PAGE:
WPSR’s 2019 State Legislative Priorities
In this year’s legislative session, Washington State is poised to promote peace and health through a number of powerful policies. Our Climate and Nuclear Weapons Task Forces have each developed a set of legislative priorities.
These priorities can help reduce climate pollution in our state, create healthier environments for all Washingtonians, and recognize the harm of nuclear weapons. WPSR members plan to testify in support and contact legislators to advocate for this policies.
Your advocacy can make a big difference, even if you know your legislator is supportive of these issues. Join our volunteer Task Force members and contact your legislators in support of these critical issues.
For more information or questions on climate priorities, please contact Sarah Cornett (email@example.com). For nuclear priorities, please contact Carly Brook (firstname.lastname@example.org). We’ll be posting updates on these bills as they progress!
Recognizing the importance of local and state leadership on national issues, this joint memorial voices Washington State’s opposition to dangerous nuclear developments at the federal level and calls for policy that reduces the risk of nuclear war. It also highlights the many connections to nuclear weapons and the nuclear weapons industry in Washington State, including the impact on frontline communities, that make this an important local issue.
Specifically, this joint memorial “[urges] Congress to take appropriate steps to move back from the brink of nuclear war,” including enacting a “no first use” policy.
This joint memorial is also supported by Washington Against Nuclear Weapons, our statewide coalition of 40 organizations, and two national initiatives: United Against Nuclear War and Back from the Brink: The Call to Prevent Nuclear War.
Climate and Health Priorities
This bill creates a timeline for Washington’s transition to clean energy, requiring that utilities meet certain benchmarks to rid the grid of fossil fuels and supporting investments in clean, renewable energy like solar and wind:
Washington’s electricity 100% clean by 2045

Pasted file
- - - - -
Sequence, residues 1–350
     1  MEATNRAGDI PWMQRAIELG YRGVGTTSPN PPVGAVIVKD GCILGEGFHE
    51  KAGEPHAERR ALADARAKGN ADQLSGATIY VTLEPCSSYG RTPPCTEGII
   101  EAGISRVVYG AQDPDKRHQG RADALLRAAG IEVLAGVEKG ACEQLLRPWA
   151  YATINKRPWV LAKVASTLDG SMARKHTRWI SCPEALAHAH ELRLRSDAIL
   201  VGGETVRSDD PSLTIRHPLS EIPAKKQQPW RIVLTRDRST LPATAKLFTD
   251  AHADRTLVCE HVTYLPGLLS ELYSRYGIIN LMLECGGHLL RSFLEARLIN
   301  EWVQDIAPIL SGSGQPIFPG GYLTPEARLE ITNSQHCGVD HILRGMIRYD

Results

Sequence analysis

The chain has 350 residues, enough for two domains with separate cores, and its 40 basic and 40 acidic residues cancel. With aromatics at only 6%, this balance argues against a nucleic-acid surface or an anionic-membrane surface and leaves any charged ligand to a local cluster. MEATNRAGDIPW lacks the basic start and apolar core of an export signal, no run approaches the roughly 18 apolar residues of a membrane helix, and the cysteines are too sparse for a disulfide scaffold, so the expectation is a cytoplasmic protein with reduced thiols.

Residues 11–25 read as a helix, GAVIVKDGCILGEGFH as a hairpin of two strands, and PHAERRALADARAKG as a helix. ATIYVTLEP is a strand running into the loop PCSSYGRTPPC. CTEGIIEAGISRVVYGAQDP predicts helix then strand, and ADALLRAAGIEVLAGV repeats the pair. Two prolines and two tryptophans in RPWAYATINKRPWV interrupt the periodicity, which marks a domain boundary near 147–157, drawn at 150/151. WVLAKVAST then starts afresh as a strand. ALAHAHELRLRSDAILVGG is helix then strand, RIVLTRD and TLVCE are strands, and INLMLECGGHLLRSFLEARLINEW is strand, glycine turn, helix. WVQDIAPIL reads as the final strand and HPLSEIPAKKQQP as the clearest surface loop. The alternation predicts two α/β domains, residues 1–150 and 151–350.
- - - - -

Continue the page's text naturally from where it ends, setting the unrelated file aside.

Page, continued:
Energy cost assistance for low-income Washingtonians
Move our state to eliminate coal from the grid by 2025
Assessment of communities most impacted by pollution
Climate change is the greatest public health threat (and opportunity) of our time. WPSR members logged thousands of hours in support of Initiative 1631, which would have put a fee on carbon pollution and invested in clean energy. While we’re disappointed it did not pass, we know Washingtonians are ready for a just transition away from polluting fossil fuels like coal and gas towards renewable energy. See the bill.
We know that certain Washington communities experience far more pollution than others. This bill creates a shared definition of environmental justice for state agencies, ensuring that health disparities are reflected in investments, policies, and other programs:
Requires agency decisions to reflect community health disparities
Create a shared definition of environmental justice for state agencies
Expands public participation and access on policy decisions and programs
WPSR’s partner in the Alliance for Jobs and Clean Energy, Front & Centered, has developed a powerful new tool with University of Washington researchers and the Department of Health that maps state environmental health disparities. The environmental health mapping tool can help prioritize state investments and coordinate work across state agencies to best promote public health. Learn more about the bill.
While we were successful in passing a similar bill last year, more work is needed to ensure Washington is adequately protected from risks of oil spill. As oil transport through our region and waters expand, this policy strengthens existing protections.
Bans offshore drilling
Close regulatory loopholes on tug escort requirements for vessels carrying oil
Ensuring tug escort requirements respect tribal rights and orca recovery
Requires a “rescue tug” to better support emergency response in case of spill
WPSR has long been a member of the Stand Up to Oil coalition and represents the health voice in campaigns to protect our region from new oil projects. For more on why this issue is near and dear to physicians and other health professionals, see our 2015 position paper on the risks of oil transport.
Transportation is our greatest source of climate pollution in Washington. Oregon and California have successfully used a low carbon fuel standard to reduce emissions and improve air quality associated with transportation fuels.
Market-based approach requiring petroleum manufacturers to reduce carbon intensity of their fuels
Requires fuel providers to reduce 10 percent by 2028 and 20 percent by 2030 of carbon emissions from fuels
“Technology neutral”: any mix of alternative fuels allowed for providing standards are met
Emissions reduction estimated at 4-6 million tons per year
An independent study of California’s Clean Fuels program found that it will have saved an estimated $8.3 billion saved in public health costs by 2025 due to air quality benefits.